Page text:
The way the government has addressed violence in the north has been abysmal: very few measures have been taken. Muslim clerics identified lack of good governance as the primary reason Boko Haram succeeded in recruiting members. According to a US official, “they warned that similar crises would occur if the government failed to address social problems”.
In terms of social measures, when Boko Haram started fighting in 2009, a “societal reorientation programme” was created in the north. However, according to one US official, this programme only made it possible for Boko Haram to “recruit more members”, as it had no impact on the population’s well-being.
Military action against Boko Haram has been deplorable, probably because Boko Haram had clear connections to the government. The Nigerian army committed serious human rights violations in its response to Boko Haram. Hundreds of civilians and suspected Boko Haram members have been killed, and detainees have died in military custody.
In 2015, President Jonathan’s national security adviser, Sambo Dasuki, only mentioned the creation of a single social policy – in Kuje prison in the capital Abuja which aims at deradicalising former insurgents. The new government will have to develop social policies to reduce inequalities in order to prevent further violence.
What the new government has to do
The economic involvement of the Nigerian government is inadequate. Only half of the investment projects in the north were completed in 2014.
In 2015, the government created a US$133m emergency fund for the north in order to finance 94 different projects such as road construction, railways, energy and agriculture, but the precise use of this fund remains to be seen.
The new president will have to address three long-standing and critical issues in the north: economic development, education and health. Economic development is needed to counter Boko Haram, which is paying men around US$700-a-month to join its ranks.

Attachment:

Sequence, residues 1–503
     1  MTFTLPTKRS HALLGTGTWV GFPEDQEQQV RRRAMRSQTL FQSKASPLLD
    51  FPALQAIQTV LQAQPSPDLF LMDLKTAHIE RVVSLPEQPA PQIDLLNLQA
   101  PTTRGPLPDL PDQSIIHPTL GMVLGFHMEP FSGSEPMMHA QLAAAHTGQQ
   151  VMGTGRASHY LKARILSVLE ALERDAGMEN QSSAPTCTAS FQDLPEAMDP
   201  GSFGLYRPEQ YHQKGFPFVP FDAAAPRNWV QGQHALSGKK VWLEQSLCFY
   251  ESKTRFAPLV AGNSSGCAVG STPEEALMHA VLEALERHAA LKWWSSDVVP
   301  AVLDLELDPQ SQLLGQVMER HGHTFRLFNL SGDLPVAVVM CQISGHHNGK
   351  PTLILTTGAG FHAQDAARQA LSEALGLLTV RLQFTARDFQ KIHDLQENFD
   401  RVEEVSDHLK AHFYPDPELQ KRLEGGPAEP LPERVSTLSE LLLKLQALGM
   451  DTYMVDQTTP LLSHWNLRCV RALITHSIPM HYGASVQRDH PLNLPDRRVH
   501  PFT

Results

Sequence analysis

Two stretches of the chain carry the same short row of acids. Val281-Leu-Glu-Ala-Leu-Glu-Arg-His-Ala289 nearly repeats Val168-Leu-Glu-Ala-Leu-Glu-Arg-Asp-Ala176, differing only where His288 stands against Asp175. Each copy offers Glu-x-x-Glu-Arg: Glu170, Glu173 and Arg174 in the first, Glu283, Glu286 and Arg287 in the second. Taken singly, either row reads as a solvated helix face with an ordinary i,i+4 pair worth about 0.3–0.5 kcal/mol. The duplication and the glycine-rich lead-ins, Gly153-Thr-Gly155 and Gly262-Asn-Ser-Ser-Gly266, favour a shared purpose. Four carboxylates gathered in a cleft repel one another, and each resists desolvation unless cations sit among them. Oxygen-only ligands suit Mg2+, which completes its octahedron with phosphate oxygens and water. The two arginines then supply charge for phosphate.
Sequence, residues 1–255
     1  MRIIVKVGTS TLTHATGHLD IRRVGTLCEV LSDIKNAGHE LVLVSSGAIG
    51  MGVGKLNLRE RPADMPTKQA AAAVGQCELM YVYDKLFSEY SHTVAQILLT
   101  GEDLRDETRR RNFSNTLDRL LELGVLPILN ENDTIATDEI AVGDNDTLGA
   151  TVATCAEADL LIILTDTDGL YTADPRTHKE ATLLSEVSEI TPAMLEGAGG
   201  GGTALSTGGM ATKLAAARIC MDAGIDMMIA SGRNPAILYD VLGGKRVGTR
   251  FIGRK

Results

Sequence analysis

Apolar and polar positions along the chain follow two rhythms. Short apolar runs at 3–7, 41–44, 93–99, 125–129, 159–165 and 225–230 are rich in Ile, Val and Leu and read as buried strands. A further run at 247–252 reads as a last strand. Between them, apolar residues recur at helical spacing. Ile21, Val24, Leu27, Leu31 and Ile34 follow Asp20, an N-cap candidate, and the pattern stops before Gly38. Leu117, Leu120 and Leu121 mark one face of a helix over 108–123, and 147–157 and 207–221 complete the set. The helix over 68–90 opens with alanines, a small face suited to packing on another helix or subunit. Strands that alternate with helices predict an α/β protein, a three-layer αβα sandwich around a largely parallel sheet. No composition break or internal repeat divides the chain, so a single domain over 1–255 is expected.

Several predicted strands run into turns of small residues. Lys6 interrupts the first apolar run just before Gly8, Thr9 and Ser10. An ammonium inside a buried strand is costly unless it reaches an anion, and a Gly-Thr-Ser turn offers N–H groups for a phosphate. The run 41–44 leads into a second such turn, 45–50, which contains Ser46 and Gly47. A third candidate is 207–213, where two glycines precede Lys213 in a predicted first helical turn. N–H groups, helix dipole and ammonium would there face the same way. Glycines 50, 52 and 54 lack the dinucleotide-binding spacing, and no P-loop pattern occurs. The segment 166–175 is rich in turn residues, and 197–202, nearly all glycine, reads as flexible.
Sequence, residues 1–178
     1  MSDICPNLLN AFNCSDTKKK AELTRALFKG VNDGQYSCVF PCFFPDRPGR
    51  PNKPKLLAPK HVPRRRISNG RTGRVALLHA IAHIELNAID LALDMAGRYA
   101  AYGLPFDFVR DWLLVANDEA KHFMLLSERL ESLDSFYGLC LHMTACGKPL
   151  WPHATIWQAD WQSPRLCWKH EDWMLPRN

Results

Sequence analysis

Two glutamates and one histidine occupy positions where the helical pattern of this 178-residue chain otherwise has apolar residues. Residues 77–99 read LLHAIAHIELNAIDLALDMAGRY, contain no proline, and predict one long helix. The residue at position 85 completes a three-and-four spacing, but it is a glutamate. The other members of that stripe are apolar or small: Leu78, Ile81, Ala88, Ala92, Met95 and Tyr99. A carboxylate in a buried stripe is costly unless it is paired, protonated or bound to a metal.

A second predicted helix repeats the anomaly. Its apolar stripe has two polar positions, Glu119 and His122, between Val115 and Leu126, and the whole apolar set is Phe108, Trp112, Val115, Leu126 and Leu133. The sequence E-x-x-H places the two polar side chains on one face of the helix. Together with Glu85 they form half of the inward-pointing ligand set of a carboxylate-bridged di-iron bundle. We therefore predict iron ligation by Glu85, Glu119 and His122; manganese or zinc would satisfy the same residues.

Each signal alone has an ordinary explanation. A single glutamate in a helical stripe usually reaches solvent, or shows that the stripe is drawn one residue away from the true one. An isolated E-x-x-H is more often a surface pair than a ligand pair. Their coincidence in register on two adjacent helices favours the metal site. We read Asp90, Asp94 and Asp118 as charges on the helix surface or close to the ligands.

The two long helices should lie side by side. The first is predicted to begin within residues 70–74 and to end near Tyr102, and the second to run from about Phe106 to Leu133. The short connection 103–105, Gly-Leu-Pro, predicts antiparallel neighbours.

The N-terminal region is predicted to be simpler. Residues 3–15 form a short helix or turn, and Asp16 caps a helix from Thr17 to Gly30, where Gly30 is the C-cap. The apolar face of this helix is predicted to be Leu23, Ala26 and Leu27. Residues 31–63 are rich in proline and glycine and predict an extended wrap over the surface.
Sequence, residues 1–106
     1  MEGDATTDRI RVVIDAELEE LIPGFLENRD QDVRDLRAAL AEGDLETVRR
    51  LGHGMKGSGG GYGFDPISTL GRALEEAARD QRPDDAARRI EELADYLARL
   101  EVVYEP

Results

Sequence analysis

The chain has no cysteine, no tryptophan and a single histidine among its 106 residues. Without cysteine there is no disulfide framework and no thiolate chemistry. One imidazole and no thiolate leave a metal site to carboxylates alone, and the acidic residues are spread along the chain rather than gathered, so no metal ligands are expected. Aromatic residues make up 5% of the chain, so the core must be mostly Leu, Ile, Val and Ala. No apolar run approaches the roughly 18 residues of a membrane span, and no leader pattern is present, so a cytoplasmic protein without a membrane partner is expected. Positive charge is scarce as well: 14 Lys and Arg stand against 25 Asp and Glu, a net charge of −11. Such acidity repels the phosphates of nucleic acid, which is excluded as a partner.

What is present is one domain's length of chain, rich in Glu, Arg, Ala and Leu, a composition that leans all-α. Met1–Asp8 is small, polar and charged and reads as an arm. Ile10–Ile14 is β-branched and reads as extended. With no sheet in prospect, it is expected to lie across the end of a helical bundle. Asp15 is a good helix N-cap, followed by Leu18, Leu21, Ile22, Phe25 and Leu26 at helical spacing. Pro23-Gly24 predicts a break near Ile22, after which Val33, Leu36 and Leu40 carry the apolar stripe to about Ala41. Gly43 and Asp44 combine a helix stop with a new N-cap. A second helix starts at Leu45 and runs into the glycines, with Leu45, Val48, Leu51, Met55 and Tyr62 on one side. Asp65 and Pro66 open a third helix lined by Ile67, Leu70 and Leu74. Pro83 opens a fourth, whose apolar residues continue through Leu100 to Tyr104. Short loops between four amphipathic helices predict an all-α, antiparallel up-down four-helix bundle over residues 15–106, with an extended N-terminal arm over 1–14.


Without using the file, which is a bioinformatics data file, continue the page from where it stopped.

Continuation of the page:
The new government must tackle the difficult issue of unemployment which, among all age groups, is at least 75%. Many young people, especially recent graduates, say it is impossible to find decent work. For the few who do have a job, the minimum wage is US$70 a month. The new government will also have to address the lack of economic resources and food in the north.
The new Nigerian government will have to prioritise education. When Boko Haram started attacking civilians in 2009, it was known to oppose “western education models”. However, young men fighting for Boko Haram could not have had much knowledge of education. In 2011 in northern Nigeria, half of the men had no education at all, only 7% completed primary education, and only 6% completed secondary education. Education in the north should therefore be a priority for whoever has power next. This is important not only for men, but it is also essential for women: in 2011, 65% of women had no education, 6% completed primary education, and 3% completed secondary education.
The new president will be held accountable for improving health in the north, as clinics are under-staffed, and women are ten times more likely to die in childbirth than in the south.
With these conditions Boko Haram filled a vacuum. The militants will now be much harder to remove but ultimately, the next government can take steps to start tackling the problems that allowed them to gain a foothold.
Catherine Gegout is a Lecturer in International Relations at the University of Nottingham. This article was originally published in The Conversation on 1 April 2015. It is republished with permission.